SBGHC to Reopen Key Services Beginning May 9th

At a special meeting on April 25th, 2022, South Bruce Grey Health Centre’s (SBGHC) Board of Directors approved a plan to reopen services at both the Walkerton and Chesley hospitals.

The amount and type of staffing needed to reopen services has been thoroughly assessed, and with our dedicated staff team, along with the use of agency nurses, casual nurses, student externs and registered midwives, the Walkerton hospital Emergency Department (ED) will resume 24-hour service on Monday, May 9th, 2022.  The use of agency nurses, casual nurses, student externs and registered midwives were all implemented as part of SBGHC’s Recruitment and Retention Action Plan which was released in January 2022.

In addition, on May 9th, 2022, the Inpatient Unit at the Chesley site of SBGHC will return to 8 acute care beds and 10 Seniors Centre of Care beds.  4 of these 8 acute beds were previously reopened on March 21st, 2022.

SBGHC then plans to reopen the Chesley ED to 24-hour service on June 15th, 2022, which is the start of the next nursing schedule.  The stability of staffing will be monitored over the next 5 weeks, and the hospital will then finalize and confirm the date of reopening of the Chesley ED once this review has been completed.  The SBGHC Board of Directors will confirm the date at its regular meeting on June 1st, 2022.

Readiness for the reopening of services in Walkerton and Chesley has been measured against two key factors – the ability to adequately staff all nursing departments across the four hospital sites, and the ability to grant vacation in the amount that meets or exceeds the entitlement of each bargaining unit.  At the present time, staffing has been secured for the nursing schedule beginning on May 8th, 2022 through Labour Day, and the majority of summer vacation requests have been approved, including 100% of requests for full time nurses wanting to take two seven-day periods of vacation in the summer months.

In the short term, SBGHC’s plan to reopen services is heavily reliant on the use of agency nurses to stabilize staffing levels, while new and novice staff gain experience, and existing staff are not being stretched above their committed number of hours, and are able to take vacation.  In the longer term, SBGHC’s commitment to training and education, and efforts to recruit new RNs to the organization will ensure a more stabilized staffing pool, and the gradual move away from the use of agency nurses. 

This plan does not come without risk, including additional expense associated with the use of agency nurses.  And more importantly, there is a chance of a future temporary, time-limited reduction in service should the agency nurse pool dry up, and/or the provincial Health Human Resource (HHR) situation deteriorate further.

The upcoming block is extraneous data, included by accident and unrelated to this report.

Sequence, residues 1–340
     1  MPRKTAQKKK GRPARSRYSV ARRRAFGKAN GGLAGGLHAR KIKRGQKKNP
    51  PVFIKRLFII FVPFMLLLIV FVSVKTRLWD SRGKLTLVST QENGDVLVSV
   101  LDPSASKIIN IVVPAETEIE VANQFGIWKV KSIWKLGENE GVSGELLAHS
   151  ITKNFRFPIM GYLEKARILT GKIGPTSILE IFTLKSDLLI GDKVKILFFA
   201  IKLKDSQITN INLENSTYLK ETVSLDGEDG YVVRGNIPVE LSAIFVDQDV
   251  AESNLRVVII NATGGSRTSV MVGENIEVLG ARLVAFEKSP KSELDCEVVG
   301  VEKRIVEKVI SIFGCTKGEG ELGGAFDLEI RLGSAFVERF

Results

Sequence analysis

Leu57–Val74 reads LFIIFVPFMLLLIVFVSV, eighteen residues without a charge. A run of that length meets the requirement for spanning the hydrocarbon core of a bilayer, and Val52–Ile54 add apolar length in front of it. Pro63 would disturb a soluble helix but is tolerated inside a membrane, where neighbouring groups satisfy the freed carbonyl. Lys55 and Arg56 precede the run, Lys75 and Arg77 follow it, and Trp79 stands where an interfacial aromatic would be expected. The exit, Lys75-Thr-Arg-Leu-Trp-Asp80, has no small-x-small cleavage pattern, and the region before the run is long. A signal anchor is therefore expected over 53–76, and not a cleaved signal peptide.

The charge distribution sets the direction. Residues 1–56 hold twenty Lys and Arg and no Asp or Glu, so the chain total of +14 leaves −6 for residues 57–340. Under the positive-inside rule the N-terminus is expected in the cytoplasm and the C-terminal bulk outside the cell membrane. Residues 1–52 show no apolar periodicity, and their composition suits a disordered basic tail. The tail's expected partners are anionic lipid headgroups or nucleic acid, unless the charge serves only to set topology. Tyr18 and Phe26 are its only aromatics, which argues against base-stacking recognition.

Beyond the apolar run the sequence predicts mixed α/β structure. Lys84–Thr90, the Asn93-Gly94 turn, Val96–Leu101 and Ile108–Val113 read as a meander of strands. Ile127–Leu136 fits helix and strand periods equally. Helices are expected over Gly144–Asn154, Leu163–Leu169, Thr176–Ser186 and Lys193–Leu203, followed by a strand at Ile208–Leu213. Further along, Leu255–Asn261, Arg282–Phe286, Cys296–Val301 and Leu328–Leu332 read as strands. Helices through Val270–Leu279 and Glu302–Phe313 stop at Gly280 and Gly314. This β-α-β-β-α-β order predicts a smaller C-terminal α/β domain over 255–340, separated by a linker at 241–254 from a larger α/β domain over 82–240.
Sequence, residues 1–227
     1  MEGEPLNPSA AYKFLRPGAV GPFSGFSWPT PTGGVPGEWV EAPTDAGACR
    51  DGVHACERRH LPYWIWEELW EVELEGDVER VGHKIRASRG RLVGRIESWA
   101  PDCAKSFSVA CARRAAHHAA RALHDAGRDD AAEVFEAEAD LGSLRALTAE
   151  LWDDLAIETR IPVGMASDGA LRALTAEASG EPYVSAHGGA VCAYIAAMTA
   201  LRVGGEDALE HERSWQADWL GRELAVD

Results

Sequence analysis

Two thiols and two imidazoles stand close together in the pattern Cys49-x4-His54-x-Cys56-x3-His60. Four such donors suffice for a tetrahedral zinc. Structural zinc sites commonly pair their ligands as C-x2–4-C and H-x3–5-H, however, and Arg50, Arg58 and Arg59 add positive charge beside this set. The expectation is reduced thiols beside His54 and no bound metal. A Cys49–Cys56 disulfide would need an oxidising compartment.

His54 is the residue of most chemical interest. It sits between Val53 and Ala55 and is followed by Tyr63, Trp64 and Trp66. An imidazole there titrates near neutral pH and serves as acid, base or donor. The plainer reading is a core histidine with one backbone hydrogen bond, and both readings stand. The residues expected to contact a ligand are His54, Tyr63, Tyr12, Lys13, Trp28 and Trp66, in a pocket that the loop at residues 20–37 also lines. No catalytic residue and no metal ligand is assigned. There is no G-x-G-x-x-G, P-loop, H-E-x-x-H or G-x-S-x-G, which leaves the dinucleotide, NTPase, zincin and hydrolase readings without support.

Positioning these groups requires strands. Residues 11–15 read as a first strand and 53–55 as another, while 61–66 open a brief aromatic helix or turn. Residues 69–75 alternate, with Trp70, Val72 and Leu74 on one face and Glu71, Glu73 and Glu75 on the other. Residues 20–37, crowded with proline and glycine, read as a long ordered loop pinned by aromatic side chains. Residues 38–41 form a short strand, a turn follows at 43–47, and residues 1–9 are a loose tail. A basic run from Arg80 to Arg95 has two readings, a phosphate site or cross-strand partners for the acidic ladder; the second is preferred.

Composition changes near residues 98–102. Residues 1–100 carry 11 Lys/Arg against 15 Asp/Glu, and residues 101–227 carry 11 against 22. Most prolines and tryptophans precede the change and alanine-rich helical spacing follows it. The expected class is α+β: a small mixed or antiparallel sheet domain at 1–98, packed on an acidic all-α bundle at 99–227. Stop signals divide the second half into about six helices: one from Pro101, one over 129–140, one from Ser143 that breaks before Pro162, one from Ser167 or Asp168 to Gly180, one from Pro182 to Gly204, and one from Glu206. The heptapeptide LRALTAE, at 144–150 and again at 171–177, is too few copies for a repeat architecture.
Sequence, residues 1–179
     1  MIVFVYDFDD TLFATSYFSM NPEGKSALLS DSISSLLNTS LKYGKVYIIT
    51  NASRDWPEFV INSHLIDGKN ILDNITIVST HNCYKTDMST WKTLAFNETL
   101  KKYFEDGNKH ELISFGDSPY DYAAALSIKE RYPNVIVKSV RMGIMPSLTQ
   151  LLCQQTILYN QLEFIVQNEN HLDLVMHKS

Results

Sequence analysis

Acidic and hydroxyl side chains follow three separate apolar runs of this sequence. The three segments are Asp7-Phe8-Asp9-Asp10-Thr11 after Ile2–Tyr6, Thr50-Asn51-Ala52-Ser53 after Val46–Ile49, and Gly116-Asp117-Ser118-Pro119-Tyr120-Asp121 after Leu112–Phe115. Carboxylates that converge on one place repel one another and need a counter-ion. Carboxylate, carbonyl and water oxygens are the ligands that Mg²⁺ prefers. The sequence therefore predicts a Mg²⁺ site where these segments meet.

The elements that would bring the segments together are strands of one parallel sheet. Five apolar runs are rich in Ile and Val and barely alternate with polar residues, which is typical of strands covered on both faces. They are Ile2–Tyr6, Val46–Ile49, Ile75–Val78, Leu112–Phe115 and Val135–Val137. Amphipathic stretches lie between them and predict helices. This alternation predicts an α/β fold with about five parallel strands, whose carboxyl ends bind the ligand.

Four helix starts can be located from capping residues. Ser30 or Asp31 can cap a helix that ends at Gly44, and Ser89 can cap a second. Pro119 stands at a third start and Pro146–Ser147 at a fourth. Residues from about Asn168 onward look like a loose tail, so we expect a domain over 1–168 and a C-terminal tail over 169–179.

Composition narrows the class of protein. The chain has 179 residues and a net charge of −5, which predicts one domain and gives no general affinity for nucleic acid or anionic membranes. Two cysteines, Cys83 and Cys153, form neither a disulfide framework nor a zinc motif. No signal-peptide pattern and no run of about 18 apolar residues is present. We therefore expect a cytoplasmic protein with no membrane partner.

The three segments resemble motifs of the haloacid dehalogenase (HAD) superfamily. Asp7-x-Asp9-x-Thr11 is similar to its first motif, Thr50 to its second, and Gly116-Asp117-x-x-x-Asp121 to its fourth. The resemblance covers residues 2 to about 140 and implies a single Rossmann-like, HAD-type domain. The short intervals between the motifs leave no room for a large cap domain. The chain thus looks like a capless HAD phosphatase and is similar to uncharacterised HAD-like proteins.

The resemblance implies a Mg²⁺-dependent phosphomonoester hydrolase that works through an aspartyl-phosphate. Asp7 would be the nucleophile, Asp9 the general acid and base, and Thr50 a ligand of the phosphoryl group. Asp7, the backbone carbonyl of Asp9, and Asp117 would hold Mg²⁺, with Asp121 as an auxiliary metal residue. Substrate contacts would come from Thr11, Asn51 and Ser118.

“I am very pleased that SBGHC will again be providing 24/7 service to all our communities.  We will be closely monitoring the reopening plan to ensure we do it in a safe manner where we can continue to provide high quality care to the patients we serve,” said Michael Barrett, SBGHC President & CEO.  “I want to emphasize that the risk of further reductions is very real, but we are proceeding knowing that we run this risk.  This approach is different than the approach we have taken since the reduction of services in the Chesley ED in 2019, where we indicated that we would not reopen if there was any future risk of having to close again.  With the ongoing critical nursing shortage continuing to be felt across the Province, we have decided that it is important to our communities to return all of our operations to 24/7 service if we can do it now, even if there is a chance of a time-limited reduction in service in the future.”

“The same non-negotiables that resulted in the Board’s decision to reduce services in September 2019 and again in December 2021 are still at play. We cannot provide care in a manner that is unsafe, and we cannot provide care that further deteriorates our staff,” said SBGHC Board Chair Bill Heikkila.  “It has been a significant effort to get to this point, and we are very happy to restore these critical services in our communities.  However, we are remaining cautiously optimistic as the provincial health human resource situation remains challenging.”

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